There will always of course be the need to distinguish between the infringement of fundamental human rights such as right to life & physical integrity and human rights of a different nature, but this is not a problem unique to the situation as it relates to diplomatic and consular immunities, but rather a general one which will require a necessary degree of flexibility in finding and balanced response under international and domestic law.

The occasional abuse of diplomatic immunity led some writers to propose several reforms aimed at preventing or minimising future abuse.

Certain Acts can Never be Considered as Part of the Diplomatic Function
Since the underlying theory for diplomatic immunity is functional necessity, any given act for which immunity is claimed should be necessary for conducting the diplomatic function. It is further asserted that violations of human rights cannot, by any standard, ...be considered as a part of the diplomatic or consular function, and thus neither can be considered an official act. This idea has been clearly expressed in the British Foreign Affairs Committee Report where it was stated that…it goes without saying that terrorism or other criminal activities can never be justified by reference to these diplomatic functions.

When diplomats act in fact as terrorists, they should not be considered as diplomats at all, hence must lose the benefit of those immunities that diplomats are entitled to. However, an impediment arises because the diplomatic community views immunity as a pre-condition for effective conduct of diplomacy in certain countries. Without it, they say, diplomats and their families are vulnerable to all sorts of pressures in foreign countries. The argument that diplomatic immunity be accorded only to important missions has failed in its entirety because it would be impossible to distinguish between those diplomats who need immunities and those who don’t.

Immunities as Mere Expression of Sovereignty
That argument is a straightforward one: It is established law that sovereignty or domestic jurisdiction is no bar to the obligation imposed on every State to stand for the protection of fundamental human rights. Immunities are just an expression of such sovereignty, so it logically follows that they, too, cannot impede the protection of human rights.

This approach, unlike the functional immunity view discussed above, essentially addresses the representational theory. Even a State’s borders cannot affect its human rights obligations, so why should its representatives in foreign lands be immune? This view is however susceptible to criticism because firstly, it appears to underestimate the continuing strength of domestic jurisdiction. Second, it neglects to seriously consider the reciprocity factor. In short, this approach tends to overlook functional necessity for immunities in the general sense rather than in the act-specific sense.

Legal Reforms: Re-negotiation of the 1961 Vienna Convention
A typical reaction to flagrant abuses of diplomatic immunity is to argue that re-negotiation of the Vienna Convention ...seems to most logical step to prevent future abuse. A number of reforms have been proposed they vary from restricting the scope of immunities to carrying out an inspection of the diplomatic bag.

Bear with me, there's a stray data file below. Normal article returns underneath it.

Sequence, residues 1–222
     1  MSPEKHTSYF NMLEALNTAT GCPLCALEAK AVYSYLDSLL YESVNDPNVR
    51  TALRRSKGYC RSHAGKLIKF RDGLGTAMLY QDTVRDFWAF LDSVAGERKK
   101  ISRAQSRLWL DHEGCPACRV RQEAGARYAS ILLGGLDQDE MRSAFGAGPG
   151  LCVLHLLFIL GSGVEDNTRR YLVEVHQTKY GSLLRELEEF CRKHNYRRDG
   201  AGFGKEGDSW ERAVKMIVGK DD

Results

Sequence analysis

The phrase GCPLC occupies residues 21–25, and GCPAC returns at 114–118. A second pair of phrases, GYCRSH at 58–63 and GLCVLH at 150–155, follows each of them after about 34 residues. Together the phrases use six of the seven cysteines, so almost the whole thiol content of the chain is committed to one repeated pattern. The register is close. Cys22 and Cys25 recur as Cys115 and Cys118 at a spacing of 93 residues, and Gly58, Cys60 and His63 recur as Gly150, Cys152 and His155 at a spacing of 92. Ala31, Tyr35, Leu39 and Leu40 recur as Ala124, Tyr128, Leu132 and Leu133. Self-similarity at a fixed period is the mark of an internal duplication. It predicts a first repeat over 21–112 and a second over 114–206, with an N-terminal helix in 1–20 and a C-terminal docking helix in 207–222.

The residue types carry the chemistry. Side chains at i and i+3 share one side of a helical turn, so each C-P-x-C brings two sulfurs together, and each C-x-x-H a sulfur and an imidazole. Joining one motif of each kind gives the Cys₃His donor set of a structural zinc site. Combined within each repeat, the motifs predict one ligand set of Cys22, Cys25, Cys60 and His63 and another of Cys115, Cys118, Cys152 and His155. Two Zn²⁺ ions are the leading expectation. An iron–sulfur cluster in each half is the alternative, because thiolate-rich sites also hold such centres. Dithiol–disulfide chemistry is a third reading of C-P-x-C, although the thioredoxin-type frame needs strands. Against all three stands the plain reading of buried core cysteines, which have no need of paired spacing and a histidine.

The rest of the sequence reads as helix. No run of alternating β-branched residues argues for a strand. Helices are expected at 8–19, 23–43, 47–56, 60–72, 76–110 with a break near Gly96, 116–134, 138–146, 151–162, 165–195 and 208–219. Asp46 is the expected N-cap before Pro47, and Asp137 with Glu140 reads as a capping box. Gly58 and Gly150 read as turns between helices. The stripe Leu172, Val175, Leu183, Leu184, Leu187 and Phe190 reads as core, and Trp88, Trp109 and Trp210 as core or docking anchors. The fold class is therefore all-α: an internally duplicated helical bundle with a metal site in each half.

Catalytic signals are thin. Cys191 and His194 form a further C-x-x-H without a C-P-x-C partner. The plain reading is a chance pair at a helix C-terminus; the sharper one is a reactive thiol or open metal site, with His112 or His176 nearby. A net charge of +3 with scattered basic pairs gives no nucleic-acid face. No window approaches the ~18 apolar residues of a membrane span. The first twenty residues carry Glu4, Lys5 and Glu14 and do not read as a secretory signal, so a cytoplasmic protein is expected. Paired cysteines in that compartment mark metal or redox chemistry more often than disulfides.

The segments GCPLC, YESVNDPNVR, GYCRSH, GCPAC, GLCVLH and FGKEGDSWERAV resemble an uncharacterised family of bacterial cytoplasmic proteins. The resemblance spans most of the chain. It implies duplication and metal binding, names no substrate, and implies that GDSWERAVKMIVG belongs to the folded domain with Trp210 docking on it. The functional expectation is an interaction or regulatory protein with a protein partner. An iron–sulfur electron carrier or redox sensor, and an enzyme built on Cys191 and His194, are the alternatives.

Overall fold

In this regard, some proposed amendments focus on limiting diplomatic immunity to all or some accredited persons so that it will apply only to official acts or other limited categories of conducts. The personal immunities of administrative and technical staff, and perhaps those of families, should be restricted. The appeal of this proposal lies in the fact that a very high percentage of crimes committed by protected persons is attributed to low ranking officials and dependents.

In the arena of Problem-specific amendments, one specific proposal concerns the inviolability of the diplomatic bag. Following the Libyan embassy and Dikko incidents, the British considered an amendment that would provide for compulsory opening of the diplomatic bag upon request following reasonable suspicion, or return of the bag to its point of origin.306 Indeed, the existence of weapons of mass destruction - nuclear, chemical or biological - does raise serious concerns about state terrorism and possible abuse of the diplomatic bag. However, both the British government and the House of Commons Committee clearly rejected the amendment as a solution due to practical difficulties. It was thought that securing amendments to the Vienna Convention in accordance with proposals of the UK and like-minded countries would be virtually impossible.

Other proposed amendments include the removal of personal immunity after participation in acts of state terrorism, and withdrawal of the inviolability of the diplomatic premises if used for acts of state terrorism. Like the bag search proposal, and for similar reasons, all these ideas have been strongly rejected.

Unilateral Domestic Measures
Abuse of diplomatic immunity sometimes leads to loss of faith in the international system as a whole and calls for unilateral measures in the form of domestic legal reforms to tackle abuse. In 1987, Republican Senator Jesse Helms proposed amendment to US domestic legislation requiring the investigation and prosecution of diplomats for serious criminal acts, including ‘any crime of violence’, drug trafficking, and reckless and drunken driving, and the altering of the definitions of the family member and diplomatic bag.